Despite exercising powerful influence over the regime in Damascus, Moscow is growing concerned about competition with Tehran. In an attempt to capitalize on its investments, Iran recently asserted control over parts of Latakia’s container port, proceeded with plans to build a $460 million power plant and signed a number of lucrative contracts

Whereas Russia wants to boost political reforms and some forms of reconciliation, Iran views Syria as a part of the so-called “axis of resistance” and opposes any changes within the political system that might challenge its influence. 

The recent U.S. assassination of top Iranian military commander Qassem Soleimani might push Tehran to reenergize its presence in the Levant. That would not be good news for Moscow’s regional ambitions. 

In effect, Russia will ultimately have to choose between pushing for political transformation or staying away from a messy domestic Syrian political scene that is becoming increasingly colored by sectarian shades.

The regime’s recent advancements in Idlib and Ankara’s decision to send troops to Libya suggest that relations might face unexpected twists. 

Turkey remains alarmed about the YPG influence in Syria and Assad’s unwillingness to resettle refugees and guarantee their protection from reprisals. 

The potential for a full-scale military operation in Idlib to trigger another exodus of millions who are currently trapped in the enclave is pushing Ankara to go all-in by threatening to use its proxies, and expanding stakes in the Libyan conflict. 

With Russia and Turkey predictably betting on opposing sides, and being proactive in drafting their own ways of resolving the crisis, the Libyan case could exercise greater influence on future diplomatic exchanges surrounding Syria.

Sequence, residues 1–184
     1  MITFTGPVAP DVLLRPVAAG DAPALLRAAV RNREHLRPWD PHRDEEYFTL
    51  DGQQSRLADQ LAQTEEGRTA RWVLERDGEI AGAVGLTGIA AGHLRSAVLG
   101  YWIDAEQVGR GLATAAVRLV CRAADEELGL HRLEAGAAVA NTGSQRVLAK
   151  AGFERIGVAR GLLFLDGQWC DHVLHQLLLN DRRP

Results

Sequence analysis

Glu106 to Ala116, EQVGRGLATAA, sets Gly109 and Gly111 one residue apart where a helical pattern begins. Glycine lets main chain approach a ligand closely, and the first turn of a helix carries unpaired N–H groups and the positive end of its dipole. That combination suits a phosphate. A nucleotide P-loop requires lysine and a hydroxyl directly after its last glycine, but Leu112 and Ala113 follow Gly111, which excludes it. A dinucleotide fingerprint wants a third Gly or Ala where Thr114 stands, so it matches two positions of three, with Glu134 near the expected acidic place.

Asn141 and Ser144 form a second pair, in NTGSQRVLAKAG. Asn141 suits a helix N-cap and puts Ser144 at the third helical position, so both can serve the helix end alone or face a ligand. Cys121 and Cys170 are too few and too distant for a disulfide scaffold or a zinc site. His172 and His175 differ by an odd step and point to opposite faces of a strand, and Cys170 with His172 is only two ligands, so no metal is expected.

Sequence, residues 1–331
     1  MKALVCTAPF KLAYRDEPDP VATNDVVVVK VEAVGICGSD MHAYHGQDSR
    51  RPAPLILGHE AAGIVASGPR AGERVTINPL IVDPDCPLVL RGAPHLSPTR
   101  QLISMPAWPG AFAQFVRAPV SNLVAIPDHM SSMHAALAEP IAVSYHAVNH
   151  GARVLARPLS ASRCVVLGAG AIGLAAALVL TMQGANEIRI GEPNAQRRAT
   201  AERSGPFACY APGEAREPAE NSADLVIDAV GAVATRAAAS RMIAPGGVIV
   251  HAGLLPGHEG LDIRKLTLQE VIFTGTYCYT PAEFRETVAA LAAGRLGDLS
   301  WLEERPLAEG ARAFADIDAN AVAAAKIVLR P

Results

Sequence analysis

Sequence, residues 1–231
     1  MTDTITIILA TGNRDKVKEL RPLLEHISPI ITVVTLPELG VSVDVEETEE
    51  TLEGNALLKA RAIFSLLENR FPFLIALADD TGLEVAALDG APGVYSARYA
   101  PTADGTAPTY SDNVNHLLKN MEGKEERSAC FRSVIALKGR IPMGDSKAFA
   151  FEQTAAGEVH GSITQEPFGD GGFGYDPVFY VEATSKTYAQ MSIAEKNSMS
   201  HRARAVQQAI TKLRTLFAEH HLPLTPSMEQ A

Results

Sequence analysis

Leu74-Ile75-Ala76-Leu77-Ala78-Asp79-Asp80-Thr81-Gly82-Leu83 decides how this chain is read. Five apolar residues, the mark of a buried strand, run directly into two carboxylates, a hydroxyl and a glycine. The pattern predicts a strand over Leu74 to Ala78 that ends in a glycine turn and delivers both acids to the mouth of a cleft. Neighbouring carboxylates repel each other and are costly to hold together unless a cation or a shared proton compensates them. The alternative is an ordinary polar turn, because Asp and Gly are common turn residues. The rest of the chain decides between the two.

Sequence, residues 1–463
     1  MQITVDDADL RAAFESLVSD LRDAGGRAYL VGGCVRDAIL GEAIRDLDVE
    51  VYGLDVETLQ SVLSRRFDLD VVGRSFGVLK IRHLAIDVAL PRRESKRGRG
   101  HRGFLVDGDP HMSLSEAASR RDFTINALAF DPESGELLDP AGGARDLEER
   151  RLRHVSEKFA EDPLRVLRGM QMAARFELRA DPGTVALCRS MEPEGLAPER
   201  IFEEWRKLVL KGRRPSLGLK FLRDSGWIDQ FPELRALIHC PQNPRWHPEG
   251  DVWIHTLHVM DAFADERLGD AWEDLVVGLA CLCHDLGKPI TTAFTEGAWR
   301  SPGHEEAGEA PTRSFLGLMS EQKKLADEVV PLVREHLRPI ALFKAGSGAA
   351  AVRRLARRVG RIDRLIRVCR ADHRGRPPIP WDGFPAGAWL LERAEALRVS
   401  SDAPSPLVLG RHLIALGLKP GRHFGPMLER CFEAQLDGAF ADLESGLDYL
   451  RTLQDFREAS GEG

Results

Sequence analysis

Russia believes that Turkey’s ultimate goal is to establish a buffer zone stretching across the entire border to shield it from Kurdish troops and new waves of refugees. 

Without such protection Erdogan’s domestic resilience is at stake, which also increases the overall unpredictability surrounding his party’s political appeal. 

Although Russia is striving to gradually resolve the issue of Idlib, and doesn’t want Turkey to reenergize its proxies, it likewise wants to keep dealing with the current administration and preserve a similar type of stone-cold pragmatism and level of predictability in negotiations. 

Moscow also understands that Ankara’s actions are limited by the possibility of economic sanctions from the Trump administration. 

In contrast, Turkey acknowledges that Russia is becoming increasingly challenged by Iranian entrenchments, and the regime’s newly discovered assertiveness that insists on faster and more resolute actions against the rebels. 

With each side securing powerful bargaining chips, it is likely that we might witness advancements surrounding Idlib. We can also expect the expansion of buffer zones that, nonetheless, would follow similar pragmatic and situational patterns of exchange.

Possible developments in Syria might showcase Russia’s actual long-term goals in the Middle East, which still remain unclear. 

With many predictions claiming that Moscow is more interested in boosting its regional outreach and balancing troubled relations with the West, the outcomes of diplomatic exchanges and events on the ground in Syria could serve as a litmus test for the actual goals of the military campaign. 

The views expressed in opinion pieces do not necessarily reflect the position of The Moscow Times.